You sing a song on the new album with Lucinda Williams called “Factory Girls” The Rolling Stones also used a Factory Girl as inspiration for a song. What is it about those girls that moves you to pick up a guitar?

(DAVE KING)
I remember as a kid when I lived in Beggar’s Bush, there was a factory up the street. It was a cleaning factory where you’d bring all your dirty wash and you know, the cleaners they did it for you. And every night when those girls got off, they would walk by Beggar’s Bush, and they were all linking arm in arm and they would always be singing songs. And it always stuck in my head. Then when I went back to Ireland last time, I was sitting with my mother, and she’s on in age now you know, and it was like I tried to imagine her as the factory girl, and what it was like for her when she was younger. And so they both combined and Factory Girls came out. And then as I was writing the song I was, you know, “I don’t hear myself singing this. I need somebody else to sing it with me. “ And we’ve always been huge fans of Lucinda Williams. And I just put it out there, you know? Never thinking that she’d do it. And a couple of months down the road, you find out that she’d love to do it and it was fantastic.

(CELT IN A TWIST)
You were born in Ireland, and traveled very far, musically speaking, before you came home again. Is “Within a Mile of Home” getting you even closer to the music of your childhood?

(DAVE KING)
Yeah, I mean, I suppose it is. I think the further away I go the closer I want to be back. It’s a contradiction of course, being Irish, which you probably know, we’re full of contradiction. I mean I didn’t really realize it until the album was done, how much more at home I felt. The title itself has nothing really to do with being within a mile of home as such. It actually means for me personally, it’s within a mile of being happy. Not afraid to be happy. And therefore once you’re happy, I think you’re home.

(CELT IN A TWIST)
You’ve got your Celt In A Twist and we’ve got Dave King from Flogging Molly on the line to talk about their new album, Within A Mile Of Home. More news from Flogging Molly is within your grasp. Just visit http://www.floggingmolly.com. What’s next for the band, Dave? Back to Molly Malone’s?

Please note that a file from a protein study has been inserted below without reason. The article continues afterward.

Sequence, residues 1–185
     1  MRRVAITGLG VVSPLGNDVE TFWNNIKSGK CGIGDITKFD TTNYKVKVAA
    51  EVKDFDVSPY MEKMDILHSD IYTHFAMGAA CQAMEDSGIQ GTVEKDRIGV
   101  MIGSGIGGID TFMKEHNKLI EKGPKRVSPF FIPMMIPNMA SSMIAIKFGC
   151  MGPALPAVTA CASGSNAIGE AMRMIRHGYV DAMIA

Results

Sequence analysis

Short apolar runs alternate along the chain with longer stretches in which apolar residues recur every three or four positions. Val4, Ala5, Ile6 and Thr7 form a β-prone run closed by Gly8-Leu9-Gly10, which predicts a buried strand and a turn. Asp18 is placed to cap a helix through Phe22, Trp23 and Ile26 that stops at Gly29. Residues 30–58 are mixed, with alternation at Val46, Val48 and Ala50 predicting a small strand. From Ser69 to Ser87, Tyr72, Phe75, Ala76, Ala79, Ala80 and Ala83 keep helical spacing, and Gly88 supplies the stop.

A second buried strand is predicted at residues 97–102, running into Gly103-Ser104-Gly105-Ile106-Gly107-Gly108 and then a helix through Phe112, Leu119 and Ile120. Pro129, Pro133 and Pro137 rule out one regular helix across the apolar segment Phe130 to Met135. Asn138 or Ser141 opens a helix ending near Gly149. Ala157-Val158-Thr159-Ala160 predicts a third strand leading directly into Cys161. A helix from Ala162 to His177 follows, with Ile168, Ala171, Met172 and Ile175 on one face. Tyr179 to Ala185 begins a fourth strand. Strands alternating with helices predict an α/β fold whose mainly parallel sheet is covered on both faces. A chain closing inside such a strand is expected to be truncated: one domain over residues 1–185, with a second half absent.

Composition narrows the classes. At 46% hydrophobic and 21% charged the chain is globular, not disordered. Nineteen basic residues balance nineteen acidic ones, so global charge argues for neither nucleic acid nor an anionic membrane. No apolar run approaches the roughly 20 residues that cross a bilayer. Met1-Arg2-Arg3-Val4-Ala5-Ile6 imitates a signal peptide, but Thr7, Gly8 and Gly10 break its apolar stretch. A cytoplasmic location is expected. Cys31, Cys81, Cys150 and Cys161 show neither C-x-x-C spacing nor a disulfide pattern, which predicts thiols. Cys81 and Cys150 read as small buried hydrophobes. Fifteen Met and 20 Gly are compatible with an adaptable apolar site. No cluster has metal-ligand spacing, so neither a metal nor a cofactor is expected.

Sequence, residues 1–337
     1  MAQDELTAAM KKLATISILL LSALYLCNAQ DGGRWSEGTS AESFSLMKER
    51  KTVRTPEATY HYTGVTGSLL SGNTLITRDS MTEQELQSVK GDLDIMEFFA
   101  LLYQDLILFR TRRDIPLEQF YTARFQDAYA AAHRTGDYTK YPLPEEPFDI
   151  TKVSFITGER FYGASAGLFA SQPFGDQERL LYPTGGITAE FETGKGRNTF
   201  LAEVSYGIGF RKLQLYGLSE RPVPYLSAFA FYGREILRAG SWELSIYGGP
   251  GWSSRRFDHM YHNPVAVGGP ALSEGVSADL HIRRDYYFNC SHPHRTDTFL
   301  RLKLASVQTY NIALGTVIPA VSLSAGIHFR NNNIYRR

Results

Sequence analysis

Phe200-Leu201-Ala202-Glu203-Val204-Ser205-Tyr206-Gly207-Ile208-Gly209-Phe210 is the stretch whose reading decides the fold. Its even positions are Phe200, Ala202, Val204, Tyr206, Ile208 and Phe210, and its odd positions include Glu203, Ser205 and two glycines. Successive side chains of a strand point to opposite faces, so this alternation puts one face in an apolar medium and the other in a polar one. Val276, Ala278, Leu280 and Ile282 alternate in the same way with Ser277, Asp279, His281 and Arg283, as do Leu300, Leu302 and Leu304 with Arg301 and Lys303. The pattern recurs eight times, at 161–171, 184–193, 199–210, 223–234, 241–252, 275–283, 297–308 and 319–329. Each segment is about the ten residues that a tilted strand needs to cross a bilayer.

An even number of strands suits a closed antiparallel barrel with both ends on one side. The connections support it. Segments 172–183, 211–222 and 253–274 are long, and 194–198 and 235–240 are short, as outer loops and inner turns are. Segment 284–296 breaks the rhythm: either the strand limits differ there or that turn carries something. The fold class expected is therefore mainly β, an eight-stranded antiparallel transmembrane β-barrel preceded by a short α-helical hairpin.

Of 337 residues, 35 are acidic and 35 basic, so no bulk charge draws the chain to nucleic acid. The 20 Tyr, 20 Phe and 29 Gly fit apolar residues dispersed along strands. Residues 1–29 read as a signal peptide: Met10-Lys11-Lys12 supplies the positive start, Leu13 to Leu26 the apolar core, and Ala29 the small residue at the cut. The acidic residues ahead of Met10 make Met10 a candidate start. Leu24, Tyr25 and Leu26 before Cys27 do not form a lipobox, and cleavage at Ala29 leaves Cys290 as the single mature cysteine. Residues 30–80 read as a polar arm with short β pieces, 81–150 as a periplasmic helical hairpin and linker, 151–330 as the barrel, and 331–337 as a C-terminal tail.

(DAVE KING)
I might head down there. Yeah, I might head down there for a few pints. I’ve got a bit of time off so I might go down see all the old folks down there. All my old friends. Yeah, we’ve got a little bit of time off, something we haven’t had in years. And I don’t know what to do with myself, really. But we’re going to be going to Australia and stuff like that. But we’re planning a big Saint Patrick’s tour. In March, we’re going to do seventeen days in March for the 17th of March, Saint Patrick’s Day. We’re going to do a big seventeen-city tour in the US. So that should be fun.

(CELT IN A TWIST)
Lots of celebrating?

(DAVE KING)
Oh yeah, of course, you have to celebrate don’t you? The good and the bad.

(CELT IN A TWIST)
We’re going out on 7 Deadly Sins from the album. You can also catch the video for that on World.Beats. Tell us about that song.

(DAVE KING)
Well, once again, that tune was inspired by people like Johnny Cash and Joe Strummer. People like Luke Kelly, who passed away, and who had this camaraderie about them that made you want to jump into their lives. And that song made me want to write a song about Flogging Molly and how we’ve all influenced each other and how we’ve all been on the road for so many years now, and sailing around the world, and singing our songs. It’s just one of those celebration type songs, celebrating the passing of great heroes that we’ve had and looking forward to the future as well. I love that song. Matt actually started playing the accordion riff on that and I had another part and the two, even though one is in major and one’s in minor, they both completely gelled together, and I really, really like that song. It’s a great song live.

(CELT IN A TWIST)
We’re going out on 7 Deadly Sins from the album. You can also catch the video for that on World.Beats. Tell us about that song.

(DAVE KING)
Well, once again, that tune was inspired by people like Johnny Cash and Joe Strummer. People like Luke Kelly, who passed away, and who had this camaraderie about them that made you want to jump into their lives. And that song made me want to write a song about Flogging Molly and how we’ve all influenced each other and how we’ve all been on the road for so many years now, and sailing around the world, and singing our songs. It’s just one of those celebration type songs, celebrating the passing of great heroes that we’ve had and looking forward to the future as well. I love that song. Matt actually started playing the accordion riff on that and I had another part and the two, even though one is in major and one’s in minor, they both completely gelled together, and I really, really like that song. It’s a great song live.

(CELT IN A TWIST)
We were just wondering because there are seven members of Flogging Molly, and of course, seven Deadly Sins,